Stats Say Homeowners’ Net Worth is 45 Times Greater Than Renters’
If simple math is followed, home buying eventually makes a lot of sense.
Talk to homeowners about the process of buying, and most of them liken the experience to a painful childbirth. It’s excruciating, it tests your patience—but once you do it, it’s the best thing that’s ever happened to you. When it comes to the debate of buying versus renting, I’m old school. You won’t need to convince me of the advantages of buying. When I was a child, my dad, a finance guy simplified it for me, “Imagine putting away chunks of money every month, now imagine it’s towards someone else’s home—that’s renting.” So, if you’re trying to convince me of the perks of buying, you’re preaching to the choir.
Looks like my father may have been right about this one. His financial beliefs align with the Survey of Consumer Finances conducted by the Federal Reserve. It reports that a homeowner’s net worth is estimated to be 45 times greater than that of a renter in 2016. Like, Hallelujah! The latest survey, which includes data from 2010-2013, says that the homeowner’s net worth was 36 times greater than that of a renter.
According to a Forbes article, “Based on what has happened since 2013 and projecting a conservative assumption of what could happen next year to home prices if we see only 3% price growth, the wealth gap between homeowners and renters will widen even further. The Fed is likely to show a figure of $225,000 to $230,000 in median net worth for homeowners in 2016, and around $5,000 for renters. That is, a typical homeowner will be ahead of a typical renter by a multiple of 45 on a lifetime financial achievement scale.”
It seems like buying and renting has much to do with the investor’s attitudes towards returns. A lot of investors are drawn toward making a quicker buck from pumping money in stocks and bonds. Milo M. Benningfield, a San Francisco-based financial planner, compares renting and buying to “Apple versus Google.” In a recent New York Times story, he said, “Somebody’s going to be right in terms of higher returns in the future, but we can’t know in advance who that will be—and it will be tough to quantify how much risk was taken along the way.”
However, if simple math is followed, home buying eventually makes a lot of sense. Conventionally, a lot of home buyers take out a 30-year fixed-rate mortgage to buy a home, which results in zero-mortgage after the 30-year period. The home price growth over that period would be the equity the homeowner would’ve amassed.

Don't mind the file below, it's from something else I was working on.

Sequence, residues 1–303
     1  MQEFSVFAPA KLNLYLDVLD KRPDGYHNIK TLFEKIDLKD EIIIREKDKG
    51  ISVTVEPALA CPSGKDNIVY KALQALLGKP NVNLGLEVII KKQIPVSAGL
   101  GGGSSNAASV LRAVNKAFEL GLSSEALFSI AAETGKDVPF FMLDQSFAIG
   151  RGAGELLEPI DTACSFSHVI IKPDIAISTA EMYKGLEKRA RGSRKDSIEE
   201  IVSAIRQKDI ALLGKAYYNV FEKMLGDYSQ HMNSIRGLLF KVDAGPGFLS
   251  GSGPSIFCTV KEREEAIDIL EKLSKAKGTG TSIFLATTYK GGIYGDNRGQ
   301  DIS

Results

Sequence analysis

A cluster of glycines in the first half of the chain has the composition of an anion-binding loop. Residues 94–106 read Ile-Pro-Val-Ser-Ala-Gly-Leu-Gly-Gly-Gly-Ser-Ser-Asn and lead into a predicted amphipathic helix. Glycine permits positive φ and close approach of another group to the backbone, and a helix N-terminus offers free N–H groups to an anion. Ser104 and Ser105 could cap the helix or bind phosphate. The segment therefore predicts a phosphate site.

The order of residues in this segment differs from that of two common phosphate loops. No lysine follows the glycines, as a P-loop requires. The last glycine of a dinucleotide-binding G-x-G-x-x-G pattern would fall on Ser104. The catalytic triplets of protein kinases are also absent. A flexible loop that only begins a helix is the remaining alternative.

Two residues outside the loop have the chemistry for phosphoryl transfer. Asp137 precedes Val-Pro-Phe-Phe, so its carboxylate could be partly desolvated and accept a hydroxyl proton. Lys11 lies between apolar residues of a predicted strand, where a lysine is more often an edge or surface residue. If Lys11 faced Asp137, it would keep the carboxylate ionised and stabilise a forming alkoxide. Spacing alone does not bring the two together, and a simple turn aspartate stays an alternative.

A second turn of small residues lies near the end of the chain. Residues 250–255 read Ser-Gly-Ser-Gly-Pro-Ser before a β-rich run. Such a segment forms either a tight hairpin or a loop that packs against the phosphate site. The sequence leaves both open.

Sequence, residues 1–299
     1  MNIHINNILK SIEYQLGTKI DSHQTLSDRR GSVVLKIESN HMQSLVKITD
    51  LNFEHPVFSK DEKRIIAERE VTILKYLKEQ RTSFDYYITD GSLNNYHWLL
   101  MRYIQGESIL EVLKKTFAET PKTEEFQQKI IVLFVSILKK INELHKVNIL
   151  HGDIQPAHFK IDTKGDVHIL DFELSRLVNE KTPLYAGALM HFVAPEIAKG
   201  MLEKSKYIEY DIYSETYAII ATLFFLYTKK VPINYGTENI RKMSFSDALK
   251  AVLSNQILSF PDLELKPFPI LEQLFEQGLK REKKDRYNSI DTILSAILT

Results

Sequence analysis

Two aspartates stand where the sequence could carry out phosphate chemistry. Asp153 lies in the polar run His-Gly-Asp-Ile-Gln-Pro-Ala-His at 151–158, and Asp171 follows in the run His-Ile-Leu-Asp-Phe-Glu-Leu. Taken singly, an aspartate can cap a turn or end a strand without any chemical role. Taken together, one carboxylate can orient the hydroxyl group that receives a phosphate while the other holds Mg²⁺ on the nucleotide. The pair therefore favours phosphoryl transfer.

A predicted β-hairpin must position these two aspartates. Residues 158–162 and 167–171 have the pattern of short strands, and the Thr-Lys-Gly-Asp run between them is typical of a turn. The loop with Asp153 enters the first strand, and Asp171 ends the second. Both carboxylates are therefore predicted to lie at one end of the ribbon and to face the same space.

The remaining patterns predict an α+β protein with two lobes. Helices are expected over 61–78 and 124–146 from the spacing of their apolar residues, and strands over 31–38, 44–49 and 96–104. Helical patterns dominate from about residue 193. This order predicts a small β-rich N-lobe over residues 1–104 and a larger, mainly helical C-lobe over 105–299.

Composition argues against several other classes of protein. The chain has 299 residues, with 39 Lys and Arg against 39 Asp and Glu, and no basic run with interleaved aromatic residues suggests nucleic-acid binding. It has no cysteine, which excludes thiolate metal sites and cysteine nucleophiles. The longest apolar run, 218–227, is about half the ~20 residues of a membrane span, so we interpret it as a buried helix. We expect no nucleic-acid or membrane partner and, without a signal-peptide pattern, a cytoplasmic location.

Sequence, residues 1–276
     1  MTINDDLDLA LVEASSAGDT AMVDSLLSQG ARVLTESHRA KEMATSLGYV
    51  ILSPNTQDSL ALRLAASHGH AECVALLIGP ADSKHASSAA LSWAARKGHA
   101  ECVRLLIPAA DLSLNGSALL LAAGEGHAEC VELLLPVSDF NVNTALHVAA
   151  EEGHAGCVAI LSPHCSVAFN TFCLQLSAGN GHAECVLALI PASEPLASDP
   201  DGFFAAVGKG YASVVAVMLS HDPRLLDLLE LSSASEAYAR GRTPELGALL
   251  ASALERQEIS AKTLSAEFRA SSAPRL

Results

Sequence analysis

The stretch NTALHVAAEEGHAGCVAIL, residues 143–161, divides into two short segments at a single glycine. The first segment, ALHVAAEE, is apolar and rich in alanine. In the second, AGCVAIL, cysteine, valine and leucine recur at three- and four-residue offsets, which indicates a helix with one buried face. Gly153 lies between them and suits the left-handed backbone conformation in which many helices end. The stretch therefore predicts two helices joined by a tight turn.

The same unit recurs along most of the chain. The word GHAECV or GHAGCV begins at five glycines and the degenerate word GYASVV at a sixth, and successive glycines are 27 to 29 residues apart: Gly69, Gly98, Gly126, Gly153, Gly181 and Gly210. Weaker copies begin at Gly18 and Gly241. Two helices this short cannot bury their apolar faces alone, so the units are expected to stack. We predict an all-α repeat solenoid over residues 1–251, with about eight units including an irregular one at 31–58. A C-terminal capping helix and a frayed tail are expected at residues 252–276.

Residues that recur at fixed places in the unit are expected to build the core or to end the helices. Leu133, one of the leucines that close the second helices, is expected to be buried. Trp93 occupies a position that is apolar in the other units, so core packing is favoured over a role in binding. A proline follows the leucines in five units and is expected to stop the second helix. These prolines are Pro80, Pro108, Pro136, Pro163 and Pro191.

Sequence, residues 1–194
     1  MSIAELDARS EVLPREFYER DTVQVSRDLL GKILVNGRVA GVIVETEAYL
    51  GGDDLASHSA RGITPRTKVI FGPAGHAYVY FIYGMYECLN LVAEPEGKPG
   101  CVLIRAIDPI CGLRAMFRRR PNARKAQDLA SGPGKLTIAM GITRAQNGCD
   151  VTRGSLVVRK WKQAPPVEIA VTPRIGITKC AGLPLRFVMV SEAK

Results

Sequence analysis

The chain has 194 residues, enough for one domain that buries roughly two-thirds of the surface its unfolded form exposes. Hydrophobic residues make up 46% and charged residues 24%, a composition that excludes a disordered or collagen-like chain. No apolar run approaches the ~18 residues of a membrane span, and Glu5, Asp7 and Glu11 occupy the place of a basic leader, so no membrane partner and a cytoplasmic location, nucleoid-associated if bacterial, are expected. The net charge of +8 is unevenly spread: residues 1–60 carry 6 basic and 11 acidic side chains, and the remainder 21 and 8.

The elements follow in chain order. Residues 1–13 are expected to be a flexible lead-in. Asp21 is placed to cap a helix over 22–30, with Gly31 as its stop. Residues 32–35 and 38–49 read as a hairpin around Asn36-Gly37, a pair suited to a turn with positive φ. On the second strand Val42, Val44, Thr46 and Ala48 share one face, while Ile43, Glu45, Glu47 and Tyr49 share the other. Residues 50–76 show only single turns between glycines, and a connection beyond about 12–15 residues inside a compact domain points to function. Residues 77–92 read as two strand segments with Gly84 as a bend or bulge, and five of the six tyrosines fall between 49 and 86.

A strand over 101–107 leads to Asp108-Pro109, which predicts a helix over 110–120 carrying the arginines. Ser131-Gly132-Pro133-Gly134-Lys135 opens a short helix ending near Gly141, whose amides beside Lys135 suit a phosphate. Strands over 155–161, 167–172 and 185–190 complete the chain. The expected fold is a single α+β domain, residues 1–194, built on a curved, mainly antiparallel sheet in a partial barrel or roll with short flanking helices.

In an ideal world we would all be homeowners. Or at least, I would. Yours truly is on the 5th page of a 10-page application for renting an apartment in a co-op and 2 pages short of screaming, ‘Screw this, let’s buy.’ Buying also safeguards you from rising rents, while fixed mortgage prices stay constant. Investing in a home is also seen as a forced saving. Every time you pay the mortgage, you’re contributing to your net worth.
But one can’t simply gloss over the fact that buying a home is a huge lifetime commitment. And there are a lot of upfront costs that could dip into your savings. Especially in New York City, where homes are so expensive, no one can afford to put that much down. “And once you own, it’s all you. Renting is convenient when it comes to maintenance issues,” Adds Molly Williams, who just bought a townhouse in Riverdale after renting in the Village for nine years.
You’d think all these aspects would scare away young buyers? Not really. With all these hurdles, it may come as a surprise that Millennials are actually the ones in favor of buying. The Generation Y has made up the largest share of buyers in annual surveys conducted by the National Association of Realtors. Around 37% of buyers in 2015 were millennials with a median age of 30. If Forbes’ research is accurate, “80% believe that purchasing a home is a good financial decision.” That’s a reassuring number—especially since it drives a wise decision. Ultimately buying has everything to do with your own situation and subjective to your own needs. To be better-informed try rent or buy calculator that helps you decide what option suits you better. For now, it looks like the scale tilts in favor of buying by any objective standard.
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